Home / Uncategorized / Learning is an Activity, Not an Event

            According to ASTD, US companies spent $156 billion on employee learning in 2011, almost $1200 per employee. No matter how you look at it, $156 billion is a lot of money.

            Most of this money was spent on the training events themselves – the classroom sessions and e-learning courses.

            But learning is an activity, not an event.

            The learning process begins when an individual realizes that a new skill or talent is needed, and concludes when an individual has mastered that skill or talent. The training event is only part of the process, and it may not even be the most critical part of the process.

            Effective learning, whether in a traditional classroom or in an e-learning environment, requires a series of pre-course activities to prepare the learner for the class, and post-course activities to allow the learner to practice and apply the material from the course.

            The role of the pre-course activities is to motivate the learner to take the training and to be open to the learning experience. Prior to attending the training, it’s important that the usefulness of the course material and the connection between the training and the learner’s job be communicated.

            The learning objectives of the training should be communicated as part of the pre-course activities so it’s clear to the learner what new skills, activities, or behaviors are expected upon completion of the training.

            The pre-course activities should also provide as much information as is necessary to remove the learner’s apprehension and allow them to enter the training ready to learn. This can be as simple as providing accurate driving directions to the course site for an on ground class, or the number for the help desk for an e-learning course. It can also be more complex when readings or pre-work are required before the class.

            Post course activities must allow the learner the opportunity to practice and apply the material from the course. If a technical skill was taught, it’s important that the learner have access to safe environment where they can practice their skills and review the cases and examples from the course. The safe environment should be more of a learning lab, something separate and distinct from the normal work environment.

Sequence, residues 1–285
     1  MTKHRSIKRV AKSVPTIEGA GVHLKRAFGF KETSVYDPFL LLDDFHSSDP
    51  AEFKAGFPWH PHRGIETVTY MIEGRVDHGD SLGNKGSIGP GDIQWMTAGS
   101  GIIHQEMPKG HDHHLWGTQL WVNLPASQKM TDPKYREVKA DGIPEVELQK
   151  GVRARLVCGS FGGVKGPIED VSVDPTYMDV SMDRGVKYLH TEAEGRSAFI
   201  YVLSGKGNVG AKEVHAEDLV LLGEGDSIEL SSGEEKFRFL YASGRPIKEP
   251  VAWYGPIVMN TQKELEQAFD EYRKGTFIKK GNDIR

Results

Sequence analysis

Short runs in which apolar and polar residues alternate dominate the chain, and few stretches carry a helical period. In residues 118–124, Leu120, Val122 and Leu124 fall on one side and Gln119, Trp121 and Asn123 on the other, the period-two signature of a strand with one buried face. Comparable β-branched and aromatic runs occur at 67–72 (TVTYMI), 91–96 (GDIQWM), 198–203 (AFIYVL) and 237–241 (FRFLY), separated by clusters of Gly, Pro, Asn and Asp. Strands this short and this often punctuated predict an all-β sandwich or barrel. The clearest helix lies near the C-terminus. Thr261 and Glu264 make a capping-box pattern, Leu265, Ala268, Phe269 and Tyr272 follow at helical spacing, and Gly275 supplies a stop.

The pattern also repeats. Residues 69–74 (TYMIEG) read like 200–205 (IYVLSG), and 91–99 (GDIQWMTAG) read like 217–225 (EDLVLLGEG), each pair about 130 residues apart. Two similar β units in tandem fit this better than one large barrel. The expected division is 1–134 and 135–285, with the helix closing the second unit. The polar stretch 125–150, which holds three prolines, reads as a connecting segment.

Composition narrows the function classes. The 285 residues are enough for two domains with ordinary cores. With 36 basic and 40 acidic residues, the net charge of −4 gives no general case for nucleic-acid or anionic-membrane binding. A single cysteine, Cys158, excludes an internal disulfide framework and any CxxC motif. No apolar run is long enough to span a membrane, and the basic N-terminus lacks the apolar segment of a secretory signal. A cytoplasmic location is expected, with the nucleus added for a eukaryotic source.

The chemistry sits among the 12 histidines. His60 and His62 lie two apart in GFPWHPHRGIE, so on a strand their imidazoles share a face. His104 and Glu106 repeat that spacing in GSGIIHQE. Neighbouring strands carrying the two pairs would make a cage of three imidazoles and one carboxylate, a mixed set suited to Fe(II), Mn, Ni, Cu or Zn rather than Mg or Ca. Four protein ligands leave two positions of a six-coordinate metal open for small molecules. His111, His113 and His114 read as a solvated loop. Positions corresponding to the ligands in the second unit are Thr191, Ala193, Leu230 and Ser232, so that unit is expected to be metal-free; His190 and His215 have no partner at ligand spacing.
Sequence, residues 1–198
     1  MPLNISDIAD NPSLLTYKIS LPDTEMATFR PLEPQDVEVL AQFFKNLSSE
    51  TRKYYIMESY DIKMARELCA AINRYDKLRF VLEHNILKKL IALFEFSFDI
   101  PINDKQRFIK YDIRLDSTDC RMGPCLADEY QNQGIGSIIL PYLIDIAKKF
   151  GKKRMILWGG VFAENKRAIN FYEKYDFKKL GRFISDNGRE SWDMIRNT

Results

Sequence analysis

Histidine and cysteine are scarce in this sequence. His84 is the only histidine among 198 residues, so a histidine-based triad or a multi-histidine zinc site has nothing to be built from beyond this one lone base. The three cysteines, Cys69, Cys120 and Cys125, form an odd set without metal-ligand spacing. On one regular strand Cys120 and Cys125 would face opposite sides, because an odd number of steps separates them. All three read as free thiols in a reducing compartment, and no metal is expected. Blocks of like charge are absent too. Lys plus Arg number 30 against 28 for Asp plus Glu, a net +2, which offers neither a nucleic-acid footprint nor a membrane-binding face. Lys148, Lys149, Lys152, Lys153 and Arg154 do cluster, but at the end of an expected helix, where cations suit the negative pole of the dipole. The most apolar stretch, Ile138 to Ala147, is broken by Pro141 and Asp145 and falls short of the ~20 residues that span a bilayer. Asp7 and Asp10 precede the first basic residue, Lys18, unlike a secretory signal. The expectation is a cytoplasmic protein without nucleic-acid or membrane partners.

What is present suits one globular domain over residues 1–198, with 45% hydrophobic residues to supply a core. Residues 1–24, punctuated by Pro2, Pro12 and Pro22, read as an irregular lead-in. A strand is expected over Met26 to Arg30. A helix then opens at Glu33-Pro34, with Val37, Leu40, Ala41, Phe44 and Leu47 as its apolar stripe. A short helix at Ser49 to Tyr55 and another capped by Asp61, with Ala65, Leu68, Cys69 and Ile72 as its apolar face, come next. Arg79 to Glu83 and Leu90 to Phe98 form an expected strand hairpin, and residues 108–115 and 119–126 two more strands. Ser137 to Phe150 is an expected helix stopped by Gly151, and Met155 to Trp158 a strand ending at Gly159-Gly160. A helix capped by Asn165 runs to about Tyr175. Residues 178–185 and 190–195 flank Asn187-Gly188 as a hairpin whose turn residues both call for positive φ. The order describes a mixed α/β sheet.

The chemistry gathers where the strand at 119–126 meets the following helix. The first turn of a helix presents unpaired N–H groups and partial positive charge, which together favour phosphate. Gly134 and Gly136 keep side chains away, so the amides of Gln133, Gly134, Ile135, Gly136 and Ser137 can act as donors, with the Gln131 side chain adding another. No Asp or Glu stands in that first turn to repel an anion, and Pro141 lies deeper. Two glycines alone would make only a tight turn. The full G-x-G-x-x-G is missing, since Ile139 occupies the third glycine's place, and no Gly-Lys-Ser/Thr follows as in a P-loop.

The second key post-course activity is the opportunity to apply the material in your job. The longer the time it passes between the learning and the use of the new skill, the more likely the new skill will be forgotten. It’s critical that managers support the application of these new skills through situations and projects where the skills can be applied. When a new technology is involved, it’s critical that the employee have access to that technology in order to begin working with it.

            Pre-course activities can prepare a learner for a course, and the training event itself can be used to present new skills and provide some opportunity to work with the skills, but most long-term learning will take place following the course after the learner has had the opportunity to practice and apply new skills.

            Unfortunately, many organizations focus only on the training event itself, and not on the pre- and post-course activities. Effective learning requires a focus on all three areas.
Bill Hettinger
March 2013

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